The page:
Monetary policies, bond rates, equity markets:  a story of changing cycles 

Market Analysis2010.2023
Photo de l aconférence d epresse octobre 2023 de LBP AM

At their half-yearly press conference, LBP AM and Tocqueville Finance recently shared their outlook on economic conditions, bond markets and equities.

The macroeconomic environment is characterized by an unprecedented cycle. Over the past three years, a succession of shocks (Covid, war in Ukraine) has exacerbated inflationary pressures. The persistence of inflation has prompted central banks to tighten their monetary policies rapidly, breaking a historic trend of falling real interest rates.

Restrictive monetary policies are likely to force convergence towards low growth in most regions. "Our GDP growth scenario for 2024 anticipates a downward convergence between Europe and the United States, at 0.2%," explains Sebastian Paris Horvitz, Head of Research at LBP AM. And Chinese growth would maintain a moderate pace at 4.4% in 2024 in the absence of a significant stimulus plan, according to LBP AM's scenario.

Against this backdrop, inflation should continue to fall in the major countries, albeit very gradually, and this speed will depend on the easing in the labour market. "Nevertheless, the economic outlook remains highly uncertain, especially as we will have to get used to living with interest rates that are likely to remain permanently higher than in the past," adds Sebastian Paris Horvitz.

Bond assets: back to basics

While the Fed and the ECB seem to have finished raising key rates - according to LBP AM, the two central banks may even consider a slight reduction in rates from Q2 2024 onwards, albeit maintaining a high plateau for a long time to come - bond markets are regaining their appeal. "We're seeing a kind of return to normal in terms of asset allocation, where the bond component can once again fulfill its remunerative and shock-absorbing role," analyzes Guillaume Lasserre, Deputy Chief Investment Officer at LBP AM. Risk premiums have recovered, as has the potential for remunerating credit and liquidity risk. "Opportunities exist on all yield curves. However, we are particularly keen on relatively long maturities, especially sovereigns, whose yield-risk-protection triplet is once again very attractive," adds Guillaume Lasserre.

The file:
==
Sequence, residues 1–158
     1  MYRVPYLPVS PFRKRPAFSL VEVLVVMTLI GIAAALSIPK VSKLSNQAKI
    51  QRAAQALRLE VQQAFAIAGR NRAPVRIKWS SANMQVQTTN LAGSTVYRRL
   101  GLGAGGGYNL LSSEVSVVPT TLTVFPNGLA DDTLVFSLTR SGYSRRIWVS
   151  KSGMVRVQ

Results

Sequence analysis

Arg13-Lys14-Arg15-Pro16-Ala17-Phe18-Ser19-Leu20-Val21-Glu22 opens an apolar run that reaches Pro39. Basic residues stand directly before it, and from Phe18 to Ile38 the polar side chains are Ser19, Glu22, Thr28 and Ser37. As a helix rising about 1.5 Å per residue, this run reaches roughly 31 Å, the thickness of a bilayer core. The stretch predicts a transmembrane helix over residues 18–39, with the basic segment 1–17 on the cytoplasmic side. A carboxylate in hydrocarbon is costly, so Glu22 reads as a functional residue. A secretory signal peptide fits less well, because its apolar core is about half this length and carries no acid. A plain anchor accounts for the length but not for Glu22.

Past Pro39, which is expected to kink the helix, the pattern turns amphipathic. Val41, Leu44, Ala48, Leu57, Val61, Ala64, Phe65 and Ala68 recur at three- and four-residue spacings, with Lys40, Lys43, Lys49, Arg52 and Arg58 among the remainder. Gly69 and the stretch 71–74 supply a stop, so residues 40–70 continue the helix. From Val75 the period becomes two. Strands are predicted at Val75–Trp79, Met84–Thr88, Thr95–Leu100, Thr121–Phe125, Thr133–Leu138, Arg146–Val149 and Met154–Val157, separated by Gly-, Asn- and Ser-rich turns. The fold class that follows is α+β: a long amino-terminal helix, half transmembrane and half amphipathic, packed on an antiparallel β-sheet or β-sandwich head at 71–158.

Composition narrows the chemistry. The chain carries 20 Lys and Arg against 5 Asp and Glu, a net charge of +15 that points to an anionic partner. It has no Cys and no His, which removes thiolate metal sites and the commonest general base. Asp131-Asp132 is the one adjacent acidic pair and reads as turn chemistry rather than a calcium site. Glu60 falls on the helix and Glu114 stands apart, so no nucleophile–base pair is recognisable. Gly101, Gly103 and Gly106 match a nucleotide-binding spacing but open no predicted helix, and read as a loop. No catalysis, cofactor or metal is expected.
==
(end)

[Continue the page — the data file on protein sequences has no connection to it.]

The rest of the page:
Under these conditions, building a portfolio of bonds held to maturity makes sense. With interest rates now at more consistent levels, visibility on expected yield to maturity is potentially attractive. "This type of 'buy & hold' approach also favours a higher level of sustainability in terms of SRI, provided that extra-financial indicators are used that integrate future trajectory scenarios," adds Guillaume Lasserre.

Equity markets: valuation levels offer little margin for error

On the equity markets, the question of the end of the bullish cycle is on everyone's mind, given several sources of uncertainty. Beneath the surface of stock market indices, which have generally been rising since January 1, there is an extreme polarization of performance, with "super momentum" working in both directions. Furthermore, earnings releases for Q3 2023 have got off to a poor start, and valuations are lacking an obvious upward catalyst. "Overall, valuation levels are fairly average today, leaving little room for error. Any disappointment on earnings releases seems likely to be punished by a stock market correction," says Michel Saugné, Deputy CEO of Tocqueville Finance.

As a result, stock selectivity is more important than ever. For example, the pharmaceuticals theme is currently showing interesting properties, in more ways than one. The sector's valuation is considered reasonable, not only below its historical average, but also 40% below levels reached during an economic crisis1. And the potential return on pharmaceuticals, close to 4%/year, is attractive among so-called defensive sectors2.

We should also mention the unprecedented enthusiasm for new uses of GLP-1 analogues, an intestinal hormone used in the treatment of diabetes. "In 2023, the boom in its use in obesity treatments will be a revolution for the sector," observes Michel Saugné, while the overall growth prospects of many players are underpinned by the acceleration of new product launches between 2024 and 2025. "This could represent potential sales of around 50 billion USD in 2025, for products launched by AstraZeneca, Bayer, Roche, Novartis and Sanofi alone3," says Michel Saugné. 
"In short, we don't think the sector's bullish growth prospects are reflected in its valuation multiples", he concludes.

Disclaimer: The opinions expressed (i) are considered reliable by LBP AM and Tocqueville Finance and founded or justified by the economic, financial, stock market and regulatory context and (ii) are provided for information purposes only.

[1] Source : Datastream, BofA Global Research
 Source : Datastream, BofA Global Research
 Source : BofA Global Research

Our lastest news